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Art Instinct Author, Denis Dutton, and the Darwinian Basis to Art

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The heady realms of aesthetic theory floated during a recent Friday afternoon when I attended a lecture at NYU's School of Philosophy. It was not so heady as it might have been given that lecturer, Denis Dutton, rebels against the jargon of much aesthetic criticism. He was promoting his new book, The Art Instinct, which argues for a Darwinian basis to art and aesthetic tastes in man.

Note that this Darwinism contradicts the common assumption of art as a cultural construct. It also implies that art has helped humans survive in some way. Yet nobody knew how, including Dutton, for certainly art seems to be a useless, weird, and inexplicable impulse.

Dutton, inspired by how “weird” our aesthetic tastes are, investigated the human reason for creating and valuing art. He believes that strong roots in Darwinism complement our understanding of why art is important and what, in fact, art is. It's a contentious argument for an ambitious book. Dutton starts by defining art.

For all the audacity, Dutton made some interesting points. For instance, why is it that humans have developed from their sense of hearing the tonal music of Beethoven that so delights us instead of using their sense of smell to create nose symphonies? Smell is just as useful as hearing. Yet very few people pick out the notes of a perfume the way they do out of a symphony, nor are perfumes created out of a structured set of notes.

Dutton also commented that humans, unlike other animals, constantly seek out imaginative representations of reality rather than true, real things. That is, they seek out lies rather than truth. Think of all the time that is spent watching TV shows, reading stories, or looking at pictures. How have lies proven a more useful trait, in an evolutionary sense? By extension, how has art?

A different question bothers me, and I wished I had asked Dutton for his opinion. His theory considers art a natural need and that we are uniquely configured as a species to appreciate it. A Darwinian basis for art suggests a set of universal aesthetics that people everywhere use to appreciate and judge art. If aesthetics are universal, are artworks that appeal to the most number of people better?

I don't know if Dutton would agree. In fact I doubt it, despite the fact that he ridiculed the academics who congratulate themselves on being sophisticates for understanding modern and contemporary art in comparison to a “bourgeois” majority.

One could argue that Darwinism provides a biological basis for elitism. In fact, Dutton's theories are more useful for enticing one to form arguments than they are at answering questions. Often enough I'm satisfied with discussions with no answers, yet this particular question fascinates me. While I'm no philosopher, my art instinct suggests that popular art equals better art.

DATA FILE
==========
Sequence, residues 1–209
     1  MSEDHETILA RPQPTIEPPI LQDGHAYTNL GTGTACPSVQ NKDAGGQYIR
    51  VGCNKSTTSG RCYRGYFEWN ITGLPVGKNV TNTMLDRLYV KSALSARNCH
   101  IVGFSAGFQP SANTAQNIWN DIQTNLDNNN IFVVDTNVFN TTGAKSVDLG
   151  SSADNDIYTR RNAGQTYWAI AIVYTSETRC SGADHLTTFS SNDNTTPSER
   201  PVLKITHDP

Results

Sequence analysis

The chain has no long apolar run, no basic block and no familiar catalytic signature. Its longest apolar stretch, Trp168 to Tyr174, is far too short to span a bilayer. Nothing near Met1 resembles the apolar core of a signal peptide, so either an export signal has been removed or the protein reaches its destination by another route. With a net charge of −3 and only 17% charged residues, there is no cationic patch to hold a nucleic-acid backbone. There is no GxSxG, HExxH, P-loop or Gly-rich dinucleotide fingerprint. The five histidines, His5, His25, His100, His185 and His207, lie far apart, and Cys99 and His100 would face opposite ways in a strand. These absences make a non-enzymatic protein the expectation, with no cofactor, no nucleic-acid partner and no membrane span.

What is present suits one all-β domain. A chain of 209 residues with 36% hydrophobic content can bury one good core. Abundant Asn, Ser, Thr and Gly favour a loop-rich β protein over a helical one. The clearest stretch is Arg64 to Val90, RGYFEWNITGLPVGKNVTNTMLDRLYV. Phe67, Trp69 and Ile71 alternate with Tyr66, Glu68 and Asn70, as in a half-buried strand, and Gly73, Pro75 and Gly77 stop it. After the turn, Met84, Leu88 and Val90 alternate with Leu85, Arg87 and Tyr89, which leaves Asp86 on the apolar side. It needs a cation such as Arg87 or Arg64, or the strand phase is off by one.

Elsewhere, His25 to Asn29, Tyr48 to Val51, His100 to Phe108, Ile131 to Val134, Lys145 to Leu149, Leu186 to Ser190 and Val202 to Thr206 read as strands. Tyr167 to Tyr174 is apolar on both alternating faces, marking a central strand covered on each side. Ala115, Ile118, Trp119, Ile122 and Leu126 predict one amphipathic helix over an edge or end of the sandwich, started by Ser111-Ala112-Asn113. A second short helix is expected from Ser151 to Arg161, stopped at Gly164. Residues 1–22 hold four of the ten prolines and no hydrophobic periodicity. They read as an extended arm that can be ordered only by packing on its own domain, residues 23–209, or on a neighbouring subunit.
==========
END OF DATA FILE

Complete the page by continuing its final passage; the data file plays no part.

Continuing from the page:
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About Art Ravels

  • http://theartinstinct.com Denis Dutton

    Art asks, “If aesthetics are universal, are artworks that appeal to the most number of people better?”

    Good question, Art. Here’s the kind of answer the argument of my book suggests:

    Yes, appeal to the most people is the criterion, so long as the period of appeal is measured in centures and across cultures. Billy Joel may have outsold Beethoven last week, but in 400 years people will still be listenting to Beethoven across the globe while Billy Joel will be forgotten.

    In the long run, Beethoven will massively outsell Billy Joel, and will therefore pass what David Hume called The Test of Time. That is because Beethoven’s skills, emotional expression, complexity, and human depth far exceeds pop music that was made to impress this week’s aesthetic fashions. Sure, pop music is universal and pleasurable, but quality equates to lasting value in the arts.

    Popularity, yes, but popularity for the ages.

    Thanks so much for the comment. I’ve linked to this on the website where I’m collecting reviews and comment on the book and the tour.

    — Denis

  • Peter in Australia

    Gentlemen, I’m reminded of the words of Russian anarchist Bakunin (1814-1876), who once said, “Everything will pass and the world will perish, but the Ninth Symphony will remain”.

  • http://thewordygecko.wordpress.com Sue Bond

    ‘Dutton also commented that humans, unlike other animals, constantly seek out imaginative representations of reality rather than true, real things. That is, they seek out lies rather than truth.’

    I’m going to be a pedant here, and argue with this statement, and the conflation of fiction with telling lies. I know that some writers refer to their storytelling as ‘telling lies’, in a humorous sense, but what writers of fiction are really doing is making up stories in order to reveal greater truths. And readers are not seeking out lies, but actually looking for those truths that are often too difficult to reveal in fact, or simply can be explored more freely with fiction. Thanks for the piece, it’s a good discussion starter!

  • http://artandarthandling.blogspot.com/ Ben

    the art talk is much about the difference between the illusion and image, artists quality describes where they are in it, we see the image/mirage as we can, if it’s real it survives all the words pointing where it may be…